Chevron CEO sees continued ‘choppy economic and price activity’

Chevron CEO sees continued ‘choppy economic and price activity’

Chevron said on Monday it would buy oil and gas producer Noble Energy Inc for about $5 billion in stock, the first big energy deal since the coronavirus crisis started

The chief executive of U.S. oil giant Chevron Corp on Monday said the uncertainty of the COVID-19 pandemic has it planning for “choppy” oil prices and economic activity globally.

Chevron said on Monday it would buy oil and gas producer Noble Energy Inc for about $5 billion in stock, the first big energy deal since the coronavirus crisis started.

“The crystal ball is cloudy right now,” Mike Wirth said in an interview. “There’s so much uncertainty on the trajectory of the pandemic, the rate of development of effective vaccines and government policy interventions to try to manage risk between here and there. It’s a fluid environment. We expect choppy economic and price activity.”

But Chevron expects long-term demand growth for natural gas from population growth and needs to lower greenhouse gas emissions, Wirth said.

The EU invests over €2 billion in 140 sustainable mobility projects

The EU is supporting the economic recovery in all of its Member States by injecting almost €2.2 billion into 140 key transport projects. These projects will help build missing transport links across the continent, support sustainable transport and create jobs. The projects will receive funding through the Connecting Europe Facility (CEF), the EU’s grant scheme supporting transport infrastructure.

With this budget, the EU will deliver on its climate objectives, in line with the European Green Deal. A very strong emphasis is put on projects reinforcing railways, including cross-border links and connections to ports and airports. Inland waterway transport is boosted through more capacity and better multimodal connections to the road and rail networks. In the maritime sector, priority is given to short-sea-shipping projects based on alternative fuels and the installation of on-shore power supply for ports to cut emissions from docked ships.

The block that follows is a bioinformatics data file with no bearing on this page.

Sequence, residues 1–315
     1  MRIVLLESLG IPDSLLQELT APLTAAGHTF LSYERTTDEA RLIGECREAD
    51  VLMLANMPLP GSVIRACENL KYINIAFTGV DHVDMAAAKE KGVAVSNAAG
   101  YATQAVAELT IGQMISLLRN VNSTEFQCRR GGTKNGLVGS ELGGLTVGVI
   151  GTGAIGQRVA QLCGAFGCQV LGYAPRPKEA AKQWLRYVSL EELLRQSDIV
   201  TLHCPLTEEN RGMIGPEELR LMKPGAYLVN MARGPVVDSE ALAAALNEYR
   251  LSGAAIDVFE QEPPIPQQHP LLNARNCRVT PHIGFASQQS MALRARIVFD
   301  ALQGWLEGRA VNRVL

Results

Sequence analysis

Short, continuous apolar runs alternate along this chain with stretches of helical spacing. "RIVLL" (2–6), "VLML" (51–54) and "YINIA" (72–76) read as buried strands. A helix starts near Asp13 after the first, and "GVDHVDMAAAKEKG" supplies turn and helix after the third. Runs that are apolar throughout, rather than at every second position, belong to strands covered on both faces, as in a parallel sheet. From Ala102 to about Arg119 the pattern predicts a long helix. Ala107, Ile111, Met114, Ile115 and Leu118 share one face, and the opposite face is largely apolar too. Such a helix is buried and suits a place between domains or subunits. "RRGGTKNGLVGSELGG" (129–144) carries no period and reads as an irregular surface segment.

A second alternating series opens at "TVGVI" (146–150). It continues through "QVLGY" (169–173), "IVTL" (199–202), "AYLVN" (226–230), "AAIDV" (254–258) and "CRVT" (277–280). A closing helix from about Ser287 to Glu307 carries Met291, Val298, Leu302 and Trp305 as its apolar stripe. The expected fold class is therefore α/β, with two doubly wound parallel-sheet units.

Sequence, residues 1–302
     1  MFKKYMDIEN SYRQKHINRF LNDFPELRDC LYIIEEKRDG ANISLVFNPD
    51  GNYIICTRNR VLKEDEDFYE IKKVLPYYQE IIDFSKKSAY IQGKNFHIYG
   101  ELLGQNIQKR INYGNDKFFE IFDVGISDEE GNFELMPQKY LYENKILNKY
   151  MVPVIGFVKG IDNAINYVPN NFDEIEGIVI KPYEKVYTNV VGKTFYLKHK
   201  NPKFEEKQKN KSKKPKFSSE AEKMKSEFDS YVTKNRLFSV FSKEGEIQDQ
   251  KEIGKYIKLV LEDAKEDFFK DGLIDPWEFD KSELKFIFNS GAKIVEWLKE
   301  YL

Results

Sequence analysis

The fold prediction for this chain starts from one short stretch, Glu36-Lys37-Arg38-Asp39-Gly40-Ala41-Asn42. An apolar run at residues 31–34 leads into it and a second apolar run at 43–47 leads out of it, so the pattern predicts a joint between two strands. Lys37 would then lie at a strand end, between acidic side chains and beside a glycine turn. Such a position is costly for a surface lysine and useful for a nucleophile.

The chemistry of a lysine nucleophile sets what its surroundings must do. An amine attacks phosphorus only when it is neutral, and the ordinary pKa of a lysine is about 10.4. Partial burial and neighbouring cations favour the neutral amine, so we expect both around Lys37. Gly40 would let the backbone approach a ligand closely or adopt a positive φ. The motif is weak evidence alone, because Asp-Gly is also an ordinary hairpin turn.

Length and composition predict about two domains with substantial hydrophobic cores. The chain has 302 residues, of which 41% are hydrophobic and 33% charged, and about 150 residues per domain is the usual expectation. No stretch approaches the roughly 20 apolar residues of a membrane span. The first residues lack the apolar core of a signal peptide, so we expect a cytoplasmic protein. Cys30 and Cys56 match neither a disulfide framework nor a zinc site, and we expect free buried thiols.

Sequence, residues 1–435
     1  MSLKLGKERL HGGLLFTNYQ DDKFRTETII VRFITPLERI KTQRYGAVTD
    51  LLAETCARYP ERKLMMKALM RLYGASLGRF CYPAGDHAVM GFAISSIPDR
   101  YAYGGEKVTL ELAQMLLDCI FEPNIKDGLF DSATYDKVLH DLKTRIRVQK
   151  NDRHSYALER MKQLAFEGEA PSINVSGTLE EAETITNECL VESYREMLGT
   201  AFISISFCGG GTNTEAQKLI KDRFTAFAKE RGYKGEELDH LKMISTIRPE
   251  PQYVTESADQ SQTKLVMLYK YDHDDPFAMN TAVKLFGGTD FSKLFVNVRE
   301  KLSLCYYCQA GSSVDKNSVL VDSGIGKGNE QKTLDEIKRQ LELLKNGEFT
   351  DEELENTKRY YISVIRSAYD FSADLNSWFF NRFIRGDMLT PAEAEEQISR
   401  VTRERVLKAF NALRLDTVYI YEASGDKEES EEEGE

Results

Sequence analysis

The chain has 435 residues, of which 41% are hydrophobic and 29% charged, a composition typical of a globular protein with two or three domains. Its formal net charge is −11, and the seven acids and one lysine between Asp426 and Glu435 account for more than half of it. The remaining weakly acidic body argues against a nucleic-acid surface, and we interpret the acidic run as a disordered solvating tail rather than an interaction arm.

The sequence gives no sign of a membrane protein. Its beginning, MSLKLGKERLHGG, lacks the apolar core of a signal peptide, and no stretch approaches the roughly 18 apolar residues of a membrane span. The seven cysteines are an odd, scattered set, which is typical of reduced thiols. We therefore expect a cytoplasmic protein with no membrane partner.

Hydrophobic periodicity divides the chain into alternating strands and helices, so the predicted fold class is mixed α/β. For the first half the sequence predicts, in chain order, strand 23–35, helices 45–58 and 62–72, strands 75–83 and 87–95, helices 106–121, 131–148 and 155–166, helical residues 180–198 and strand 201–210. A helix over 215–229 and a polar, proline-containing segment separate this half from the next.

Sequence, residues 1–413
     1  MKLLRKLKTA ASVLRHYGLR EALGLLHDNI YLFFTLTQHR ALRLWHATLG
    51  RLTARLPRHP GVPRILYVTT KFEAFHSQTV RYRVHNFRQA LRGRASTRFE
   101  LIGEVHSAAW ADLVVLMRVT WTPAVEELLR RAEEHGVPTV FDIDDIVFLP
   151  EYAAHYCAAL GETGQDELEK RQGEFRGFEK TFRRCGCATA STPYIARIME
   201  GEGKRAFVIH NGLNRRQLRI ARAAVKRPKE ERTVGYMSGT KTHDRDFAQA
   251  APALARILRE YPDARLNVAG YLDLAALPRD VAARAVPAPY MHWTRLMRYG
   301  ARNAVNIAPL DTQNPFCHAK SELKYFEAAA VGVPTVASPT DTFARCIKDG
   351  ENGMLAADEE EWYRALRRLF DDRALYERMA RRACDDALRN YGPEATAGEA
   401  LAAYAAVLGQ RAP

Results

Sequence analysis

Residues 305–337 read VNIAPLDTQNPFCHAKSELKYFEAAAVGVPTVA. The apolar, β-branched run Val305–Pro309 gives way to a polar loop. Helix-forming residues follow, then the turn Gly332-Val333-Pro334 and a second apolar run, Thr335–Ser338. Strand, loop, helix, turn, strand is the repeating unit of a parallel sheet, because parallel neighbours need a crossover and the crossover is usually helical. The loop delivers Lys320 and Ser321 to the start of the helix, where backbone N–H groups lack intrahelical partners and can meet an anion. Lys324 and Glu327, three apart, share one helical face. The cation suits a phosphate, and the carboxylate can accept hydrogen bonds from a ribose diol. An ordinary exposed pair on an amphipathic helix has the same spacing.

The aid will support the shift to greener fuels for transport (19 projects) with almost €142 million. A number of projects involve converting vessels so they may run on LNG, as well as installing corresponding infrastructure in ports. Road transport will also see the deployment of alternative fuels infrastructure, namely through the installation of 17,275 refueling points on the road network and the deployment of 355 new buses.

“The €2.2 billion EU contribution to this crucial transport infrastructure will help kick-start the recovery, and we expect it to generate €5 billion in investments. The type of projects we invest in ranges from inland waterways transport to multimodal connections, alternative fuels to massive railroad infrastructure. The Connecting Europe Facility is one of our key instruments in creating a crisis-proof and resilient transport system – vital now and in the long run,” said EU Commissioner for Transport Adina-Ioana Vălean.

“Thanks to a scrupulous management of the CEF Transport Program by INEA we were able to optimize the administration of EU funds and inject over two billion Euro into the real economy via this call for proposals. EU support comes at a key moment for many of the selected projects as the economies of virtually all EU Member States are hit hard by the COVID-19 induced economic slowdown,” added the Director of the Innovation and Networks Executive Agency (INEA), Dirk Beckers.

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